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Royals Marketing Slogan 'Our Time' Is Losing Steam With Dayton Moore At The Helm

It remains unclear what moves will be made to shore up a rotation that lacks quality and depth. The Jonathan Sanchez debacle only adds more fuel to the fire for Kansas City's front office.

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Kansas City Royals general manager Dayton Moore's job is safe at this point, but it's become debatable as to what kind of asset he really is to the franchise. His six-year tenure has been spotty at the Major League level, despite his oversight of such an impressive farm system. In fact, it should be noted that Kevin Goldstein of Baseball Prospectus proclaimed it as one of the best ever before the prospects started to hit the ML level in 2011.

After facing the reality of a lopsided trade that brought Jonathan Sanchez and Ryan Verdugo for the All-Star Game MVP Melky Cabrera, fan confidence in Moore is waning.

"You want them all to work out, but most of the time they don't, unfortunately," Royals general manager Dayton Moore said Tuesday. "It's part of the business, you move on and you accept it. You continue to look for solutions."

Verdugo may have only been considered a band-aid option at this point, but his poor performance in his ML debut on Tuesday evening contributed to rubbing even more salt into the wounds of the "bleeding blue" fan base.

As Kansas City's woes continue,(4-10 in July) and the team drifts out of the AL Central race, the front office has some decisions to make with the trade deadline looming. Stand pat and stick to the rebuilding plan in place? Take drastic measures to ensure an improved product at the major league level immediately? Don't be surprised if Moore has a lot of sleepless nights leading up to the trade deadline trying to improve the club in the short term. His contract runs through 2014, but he knows his job could soon be in jeopardy.

Buyers or sellers at the deadline is the question? Being sellers in July is becoming a "Groundhog Day" scenario in Kansas City. The phone isn't exactly ringing off the hook for their veteran players, but don't be surprised to see Jonathan Broxton or Jose Mijares moved. Jeff Francoeur won't warrant much attention on the market unless Kansas City is willing to eat a bulk of his remaining contract that is owed through 2013.

According to Fangraphs, he's a - 0.9 war player, but he could potentially bring some value to the club as a fourth outfielder if they can't find a trade that makes sense. Committing $16.5 million to him does sting, but he could still have a useful role. Available to play if Lorenzo Cain or Wil Myers ensue any growing pains and need some rest. They could work his bat into the lineup against lefties as well. (A career .294-341-484 line against lefties.)

It has been stated that Moore is open minded to dealing prospects to bolster a rotation in dire need of an upgrade. Was the recent inquiry about Matt Garza just a feeler? If they can put together a package of prospects that doesn't include Wil Myers or Jake Odorizzi it should be explored more extensively. While Garza may not be a true ace, he's the best starting pitcher not named Zack Greinke or Cole Hamels that is readily available on trade market.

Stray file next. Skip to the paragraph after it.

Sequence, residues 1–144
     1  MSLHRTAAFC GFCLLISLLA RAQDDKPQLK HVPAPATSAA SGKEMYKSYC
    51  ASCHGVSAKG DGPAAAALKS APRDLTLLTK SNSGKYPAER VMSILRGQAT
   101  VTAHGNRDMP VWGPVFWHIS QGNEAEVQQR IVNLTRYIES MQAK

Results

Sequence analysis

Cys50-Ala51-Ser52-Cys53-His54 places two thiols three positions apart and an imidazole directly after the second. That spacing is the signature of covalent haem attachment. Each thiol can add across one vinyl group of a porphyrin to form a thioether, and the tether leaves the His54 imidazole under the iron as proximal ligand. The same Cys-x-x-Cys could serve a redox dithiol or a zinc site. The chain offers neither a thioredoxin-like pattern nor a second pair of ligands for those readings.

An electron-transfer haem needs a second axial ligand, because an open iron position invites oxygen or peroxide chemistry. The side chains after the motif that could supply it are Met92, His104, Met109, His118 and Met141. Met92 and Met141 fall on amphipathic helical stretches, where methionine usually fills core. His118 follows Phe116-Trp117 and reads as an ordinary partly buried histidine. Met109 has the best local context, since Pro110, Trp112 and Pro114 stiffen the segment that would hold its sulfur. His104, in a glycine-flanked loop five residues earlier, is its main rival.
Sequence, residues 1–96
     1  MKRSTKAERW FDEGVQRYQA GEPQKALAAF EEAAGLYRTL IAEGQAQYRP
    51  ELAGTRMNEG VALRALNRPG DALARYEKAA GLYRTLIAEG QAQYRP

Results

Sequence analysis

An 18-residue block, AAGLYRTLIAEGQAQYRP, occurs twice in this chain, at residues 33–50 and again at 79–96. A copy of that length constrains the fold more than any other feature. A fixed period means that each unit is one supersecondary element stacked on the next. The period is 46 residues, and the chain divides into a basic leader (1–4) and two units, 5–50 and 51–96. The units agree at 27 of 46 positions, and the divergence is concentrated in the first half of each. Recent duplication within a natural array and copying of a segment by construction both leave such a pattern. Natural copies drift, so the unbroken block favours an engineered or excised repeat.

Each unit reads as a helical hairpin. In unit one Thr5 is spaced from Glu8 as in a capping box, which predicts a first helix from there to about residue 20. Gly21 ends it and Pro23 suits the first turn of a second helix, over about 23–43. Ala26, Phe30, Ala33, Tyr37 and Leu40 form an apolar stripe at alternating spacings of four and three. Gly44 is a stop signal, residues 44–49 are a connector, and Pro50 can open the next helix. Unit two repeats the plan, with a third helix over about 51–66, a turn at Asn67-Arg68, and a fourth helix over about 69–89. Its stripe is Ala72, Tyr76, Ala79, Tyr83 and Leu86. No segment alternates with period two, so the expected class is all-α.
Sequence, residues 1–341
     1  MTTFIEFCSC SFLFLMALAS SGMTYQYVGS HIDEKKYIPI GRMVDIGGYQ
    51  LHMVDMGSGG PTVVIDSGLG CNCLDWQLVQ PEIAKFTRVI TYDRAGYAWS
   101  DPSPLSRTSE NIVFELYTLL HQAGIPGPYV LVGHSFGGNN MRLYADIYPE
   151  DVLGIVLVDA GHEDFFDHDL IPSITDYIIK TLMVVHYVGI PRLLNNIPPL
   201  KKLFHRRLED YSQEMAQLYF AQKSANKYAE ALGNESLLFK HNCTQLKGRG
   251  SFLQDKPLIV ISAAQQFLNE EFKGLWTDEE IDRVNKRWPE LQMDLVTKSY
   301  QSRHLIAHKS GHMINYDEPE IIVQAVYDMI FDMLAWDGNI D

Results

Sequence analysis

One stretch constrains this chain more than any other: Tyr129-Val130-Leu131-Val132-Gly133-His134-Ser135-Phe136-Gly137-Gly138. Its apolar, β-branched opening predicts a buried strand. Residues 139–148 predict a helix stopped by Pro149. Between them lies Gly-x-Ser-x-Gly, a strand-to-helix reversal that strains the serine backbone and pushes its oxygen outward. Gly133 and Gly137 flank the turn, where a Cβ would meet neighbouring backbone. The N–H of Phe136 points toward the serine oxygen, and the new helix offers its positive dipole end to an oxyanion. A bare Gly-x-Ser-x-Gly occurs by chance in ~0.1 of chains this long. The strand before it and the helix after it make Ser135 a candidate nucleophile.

James Shields of the Tampa Rays and Anibal Sanchez of the Miami Marlins are also intriguing options for the Royals to consider. Shields would be a great fit in Kansas City. He's under team control through 2014 with two affordable team options. While the Rays are listening to offers, it's unlikely he'll be dealt as they expect a return of Evan Longoria, giving them reason to believe they'll be in the wild card hunt all season. Sanchez is another long shot to be dealt, as they're still in the wildcard hunt despite a sub-.500 record.

We'll see how things transpire over the next couple of weeks, as any blockbuster deal still seems like a long shot to me. By no means does the organization have to throw all their eggs into one basket by the trade deadline to get some positive things accomplished. Promoting Wil Myers and Jake Odorizzi improves the 25 man roster. Giving other unseasoned players like Johnny Giavotella regular playing time could prove helpful in finding out what they have with all their young core and where they fit. (Giavotella a .400-466-680 line with 3 homers in Omaha this month.) Such moves would certainly create more buzz and fill more seats down the stretch as well.

Dayton Moore needs to shake things up to encourage fans to stay on board with the "our time" advertising campaign that was launched this spring. Patience is wearing thin for a city desperately desiring a winner. Will the front office right the ship or let it sink? Time is ticking for Dayton Moore to reconstruct his current reputation as a GM before the "hot seat" becomes too warm.